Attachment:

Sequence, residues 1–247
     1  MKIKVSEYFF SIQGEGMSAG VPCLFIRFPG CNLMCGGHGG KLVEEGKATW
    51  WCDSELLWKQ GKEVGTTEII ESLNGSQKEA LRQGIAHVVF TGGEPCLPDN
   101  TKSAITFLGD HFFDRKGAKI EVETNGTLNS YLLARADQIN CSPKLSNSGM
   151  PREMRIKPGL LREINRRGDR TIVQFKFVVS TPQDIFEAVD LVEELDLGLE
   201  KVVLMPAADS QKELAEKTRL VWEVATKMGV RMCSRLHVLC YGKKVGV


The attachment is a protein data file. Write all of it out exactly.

Sequence, residues 1–247
     1  MKIKVSEYFF SIQGEGMSAG VPCLFIRFPG CNLMCGGHGG KLVEEGKATW
    51  WCDSELLWKQ GKEVGTTEII ESLNGSQKEA LRQGIAHVVF TGGEPCLPDN
   101  TKSAITFLGD HFFDRKGAKI EVETNGTLNS YLLARADQIN CSPKLSNSGM
   151  PREMRIKPGL LREINRRGDR TIVQFKFVVS TPQDIFEAVD LVEELDLGLE
   201  KVVLMPAADS QKELAEKTRL VWEVATKMGV RMCSRLHVLC YGKKVGV